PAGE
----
Q. That sounds like there's no end to it.

A. These things are cyclical. Earlier this year, the Chinese government became concerned at the amount of money flowing out of the country for overseas investment by individuals. In many places, the runaway train that certain property markets had become hit the buffers. Melbourne saw prices start to fall (they have, in recent weeks, begun a significant bounce-back) and a CNBC report in July this year said that foreign purchases in the USA had fallen by 36% over a one year period as Chinese money dried up. But these things have a way of working themselves out as markets react then take account of shocks.

Q. Does this mean that there is no Chinese money chasing residential properties around the world?

A. Far from it. FIrst, there is the money that's already outside China. Secondly, reports indicate that there is an increasing outflow of money from Hong Kong in the light of the riots and social, political and commercial uncertainty there. A very significant proportion of that is understood to be Chinese money that had been parked in Hong Kong. However, it may not be readily identifiable as money of Chinese origin. The one country, two systems approach which has left Hong Kong financially independent has continued the porous financial border between Hong Kong and Canton/Guandong that existed prior to 1997. With businesses straddling the border, it is almost artificial to talk of Chinese and Hong Kong originated money in many cases. Many Hong Kongers are very wealthy on paper but have very little liquidity because property prices are very high. It is not unreasonable to assume that this increases the proportion of Chinese money coming out of Hong Kong. The condition of the HK property market does not augur well for the short term. As HK has become a worrisome place, there are rumours of several countries courting those in a position to escape with money in the bank. Singapore is said to be a favourite destination but it's far too expensive for most of those already tied into an HK flat. Indonesia is having one of its periodic anti-Chinese times. Also Indonesia, along with Thailand, has considerable restrictions on foreign ownership of property. Malaysia, on the other hand, has recently been trying to find ways to deal with a huge overhand of unsold residential properties around the country. A new scheme will allow foreigners to buy flats below the usual financial threshold and there are reports that this is encouraging HK residents to consider a second home in Malaysia where prices are a fraction of those in HK.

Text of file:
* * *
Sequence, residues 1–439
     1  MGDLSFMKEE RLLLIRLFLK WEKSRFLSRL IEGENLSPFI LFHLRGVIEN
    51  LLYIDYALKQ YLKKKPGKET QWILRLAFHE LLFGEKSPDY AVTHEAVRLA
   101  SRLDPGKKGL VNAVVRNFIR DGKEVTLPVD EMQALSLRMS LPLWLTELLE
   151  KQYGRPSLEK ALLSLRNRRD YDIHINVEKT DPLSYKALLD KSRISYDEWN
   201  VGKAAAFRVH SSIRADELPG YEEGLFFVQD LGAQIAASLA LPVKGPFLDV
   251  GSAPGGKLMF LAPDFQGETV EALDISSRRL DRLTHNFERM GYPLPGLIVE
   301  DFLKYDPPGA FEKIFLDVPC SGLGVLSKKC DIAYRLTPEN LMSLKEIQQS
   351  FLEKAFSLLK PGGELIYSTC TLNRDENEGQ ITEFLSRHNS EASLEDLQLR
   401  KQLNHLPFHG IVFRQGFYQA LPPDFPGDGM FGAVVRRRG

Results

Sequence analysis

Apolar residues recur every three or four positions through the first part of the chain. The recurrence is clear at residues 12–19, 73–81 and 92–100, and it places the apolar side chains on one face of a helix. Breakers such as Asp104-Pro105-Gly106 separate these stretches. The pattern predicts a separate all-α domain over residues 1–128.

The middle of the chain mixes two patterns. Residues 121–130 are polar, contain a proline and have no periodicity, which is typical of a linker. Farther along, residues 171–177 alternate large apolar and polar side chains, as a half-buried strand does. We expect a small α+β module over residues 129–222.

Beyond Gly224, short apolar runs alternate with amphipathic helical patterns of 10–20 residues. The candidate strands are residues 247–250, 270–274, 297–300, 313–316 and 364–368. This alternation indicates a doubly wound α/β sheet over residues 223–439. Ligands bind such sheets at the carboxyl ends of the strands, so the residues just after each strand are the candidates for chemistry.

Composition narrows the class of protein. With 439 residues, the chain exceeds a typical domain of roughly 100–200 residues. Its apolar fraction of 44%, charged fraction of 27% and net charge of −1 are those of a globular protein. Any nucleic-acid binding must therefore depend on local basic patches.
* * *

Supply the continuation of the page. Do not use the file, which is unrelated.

Q. No need to worry, then?

A. That's a bold suggestion. No, there's plenty of reason to worry. There's a lot of money of Chinese origin already hiding in the property sectors in the USA, particularly in California, and in Australia. Increasing scrutiny of those purchases has lead to an increase in money laundering investigations and, in Australia, a number of properties have been seized because of alleged links to criminal finance. From a financial crime risk perspective, that means that all of those who have been involved in the purchase of expensive properties by overseas buyers, including but hot only the Chinese, should review their records. This is crossfire that could cause significant harm to businesses involved in the transactions.

But there is something else. The Chinese government, directly or through government-linked companies or investment vehicles, has build up a large portfolio of significant commercial buildings. If for some reason it was decided that all of those should be sold en masse, there could be huge destabilisation of, for example, the commercial property market in New York.

Q, Is there any good news?

A. When it comes to international money flows there's always good news and bad news. It's new money coming into economies and therefore artificially inflating the good news for the incumbent government. But it's bad news for property buyers who see prices rise. And for banks, it's good (locals have to borrow more money so the bank earns more) and it's bad. The bad is because as money starts to flow out of Hong Kong in ever more sizeable amounts, undertaking any form of due diligence on that money is likely to show that a significant slug of it is coming from China via Hong Kong. This is going to cause a due diligence nightmare and those who decide to wing it may well find themselves subject to increased scrutiny especially in countries where international transfers are automatically reported to the Central Bank and/or the FIU.